News – March 26, 2009

Forbes in Court Monday

3/26/09 – The Randolph man accused of murdering a Columbus woman nearly 30 years ago, is expected to be in a Columbia County courtroom on Monday for an initial appearance. In a press release, Sheriff Dennis Richards said Curtis Forbes was arrested on charges of First Degree Intentional Homicide following a traffic stop Tuesday evening. At that time a search warrant was executed on Forbes person for additional evidence. The 51-year-old Forbes is accused of killing 18-year-old Marilyn McIntyre at her Columbus residence on March 11, 1980. She was discovered by her husband after he returned home from work; their three-month old son was asleep at the time. McIntyre was beaten, stabbed and strangled. Forbes, who was a close personal friend of the victim’s husband, was initially a person of interest but he fled the state shortly after the murder. The case had gone cold for several years but was reopened in late 2007 at the request of the family. Milbrath says investigators had something this time that was not available in 1980: DNA evidence. Forbes is currently being held at the Columbia County jail.

Working Out The Bugs – Highway 33 Reconstruction

3/26/09 – Slowly but surely, drivers are staring to get the hang of the Highway 33 reconstruction detour in Horicon. That’s according to Police Chief Joe Adamson who says “they’ve gotten most of the bugs worked out” but because people are still confused by the detour there is a prominent presence of law enforcement. Adamson says if your destination, or your point of origin, is within city limits then follow local detour signs. If you are traveling through Horicon, then you need to follow the DOT detour route, which directs travelers to Highway’s 26, 60 and 67. The $6.5 million dollar reconstruction on the 1.4 mile stretch of road between Columbia and Palmatory Streets will continue through November 20. Highway 33 is closed to through traffic but local businesses are open. The city council this week approved the hiring of temporary, part-time police officers to help alleviate the added workload brought on both the detour and the recent loss of officers to workman’s compensation.

Two Daily’s Stop Publishing Print Editions

3/26/09 – Two daily newspapers in southeast Wisconsin will stop publishing print editions on Mondays. The Waukesha Freeman says its final Monday edition will come next week, and the West Bend Daily News will follow suit. They’re the latest down-sizings in a media industry hampered by lower advertising revenues and higher production costs. Both the Waukesha and West Bend papers are owned by Conley Media. The firm says the move will cut costs, and put the newspapers in a better financial position as the recession continues. The Freeman says it will post an Internet edition on Mondays which subscribers will get at no extra cost. The normal features in the Monday paper will run later in the week. The papers do not publish on Sundays.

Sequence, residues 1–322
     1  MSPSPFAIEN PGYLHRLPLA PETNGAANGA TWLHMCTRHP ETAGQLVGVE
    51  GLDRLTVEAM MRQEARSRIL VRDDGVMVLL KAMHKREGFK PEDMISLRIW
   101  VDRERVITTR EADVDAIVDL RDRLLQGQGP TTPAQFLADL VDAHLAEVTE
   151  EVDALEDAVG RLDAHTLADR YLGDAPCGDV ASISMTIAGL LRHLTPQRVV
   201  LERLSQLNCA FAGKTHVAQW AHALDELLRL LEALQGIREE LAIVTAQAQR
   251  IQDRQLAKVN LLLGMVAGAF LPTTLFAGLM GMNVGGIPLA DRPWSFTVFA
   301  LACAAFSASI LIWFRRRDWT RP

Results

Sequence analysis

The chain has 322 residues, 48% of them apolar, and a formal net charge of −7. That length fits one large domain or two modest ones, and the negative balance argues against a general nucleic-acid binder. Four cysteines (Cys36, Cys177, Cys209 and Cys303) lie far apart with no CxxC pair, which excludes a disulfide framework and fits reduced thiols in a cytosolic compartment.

More Problems Uncovered with Prisoner Treatments

3/26/09 – A state audit released today uncovered more problems with the way mentally ill prisoners are treated. Among other things, the Legislative Audit Bureau said prisoners don’t have enough psychologists and psychiatrists to meet national standards. Therapy sessions are limited, although mentally ill inmates are monitored on a regular basis. Correctional officers deliver medications, while medical staffers do the job in other states. And auditors said clearer policies and more centralized decision-making are needed. These are getting to be bigger issues as the mentally-ill prison population grows. The total number of Wisconsin prisoners rose three-point-nine percent in the last three years, while the number of mentally-ill prisoners grew over 14-percent. Just over 22-thousand prisoners were defined as mentally ill. The audit bureau recommends better screenings for new inmates, more training for correctional officers, and better planning to help prisoners who are about to be released. Corrections officials have not commented. The audit comes on the heels of improvements at the Taycheedah prison for women. The U-S Justice Department said the prison did not offer enough help for mentally-ill prisoners in 2006. And they threatened a lawsuit at that time. The state also plans to build a 45-

bed addition at the Wisconsin Resource Center near Oshkosh for mentally-ill women. That unit is scheduled to open in 2011.

Fire in Markesan Destroys Home

3/26/09 – A fire in Markesan Tuesday completely destroyed a home on James St. According to Markesan Fire Chief Tom Wilde, the owner of the home, Diana Spiering, reported the fire at 10am. Wilde says the home is still standing but it is considered to a total loss. Six fire departments responded to the blaze and were on the scene until 5pm. Four cats perished in the fire. The cause has not yet been determined and the investigation continues.